The government is only playing catch-up with COVID-19: Dr V Ramana Dhara

Courtesy V Ramana Dhara
26 March, 2020

Dr V Ramana Dhara is a professor at the Indian Institute of Public Health in Hyderabad. He trained for the most part in the United States of America, and worked at America’s Center for Disease Control in America for ten years. With a background in environmental and occupational health, at the CDC, Dhara gained exposure to organising responses for many of the outbreaks around the world, such as swine flu and Ebola. He has been following the COVID-19 outbreak closely, as it has spread around the world and begun affecting Indian life. As of 20 March, India had confirmed 563 cases of COVID-19, but Dhara, among others, fears that these optimistically low numbers are the result of an egregious lack of testing. He spoke to Lewis Page, a Luce scholar at The Caravan, about the hurdles India will soon face, and what can be done to surmount them. 

Lewis Page: What is the current status of tests for COVID-19 in India? How are the tests being conducted, and who specifically is being tested? 
V Ramana Dhara: The government has developed criteria for who needs to be tested. Currently, they are only testing people with foreign travel, people who were exposed to a known case of COVID, or people who have symptoms of acute respiratory illness which cannot be explained by any other diagnosis. [On 20 March, the Indian Council of Medical Research had also stated that “asymptomatic direct and high-risk contact” of a confirmed case will be tested between five and 14 days of the contact, and so will symptomatic health-care workers.]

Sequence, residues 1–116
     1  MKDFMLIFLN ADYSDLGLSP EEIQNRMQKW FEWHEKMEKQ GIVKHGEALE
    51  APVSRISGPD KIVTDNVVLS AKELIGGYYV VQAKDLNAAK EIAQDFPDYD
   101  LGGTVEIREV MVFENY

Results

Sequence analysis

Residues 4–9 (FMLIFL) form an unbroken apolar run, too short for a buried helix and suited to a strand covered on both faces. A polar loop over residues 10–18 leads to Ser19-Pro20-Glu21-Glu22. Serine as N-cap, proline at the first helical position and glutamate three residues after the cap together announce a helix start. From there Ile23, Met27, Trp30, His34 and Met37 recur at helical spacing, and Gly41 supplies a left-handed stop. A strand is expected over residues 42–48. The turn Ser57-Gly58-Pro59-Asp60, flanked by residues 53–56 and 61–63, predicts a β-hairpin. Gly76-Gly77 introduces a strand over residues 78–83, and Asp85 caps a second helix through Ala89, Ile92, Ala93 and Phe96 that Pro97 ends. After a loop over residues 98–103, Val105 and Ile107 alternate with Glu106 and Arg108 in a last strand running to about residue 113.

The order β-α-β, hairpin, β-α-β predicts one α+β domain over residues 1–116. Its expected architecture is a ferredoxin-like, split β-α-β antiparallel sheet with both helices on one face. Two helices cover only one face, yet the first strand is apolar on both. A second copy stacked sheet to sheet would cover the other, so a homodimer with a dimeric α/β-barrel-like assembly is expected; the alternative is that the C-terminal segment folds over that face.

This is a good start, but the WHO has recommended “test, test, test, test”—as widely as possible. Initially, the Indian Council of Medical Research said that a test-intensive strategy was not best for India, for reasons best known to themselves. There was some speculation in the media that if testing turned out to be positive, there would be anxiety and panic. But it’s also a fact that the testing facilities may not have been adequate for the scale of the testing required. But now, a whole range of public-health experts have critiqued that strategy, and said that you do need to test widely, because you want to know what the burden of disease is in the country. You may test the people from abroad—a certain fraction tests positive, and then you may quarantine them. But then some of their family members will also get infected. From what we are seeing around the world, this virus seems to be attacking people in clusters, and spreading rapidly from there.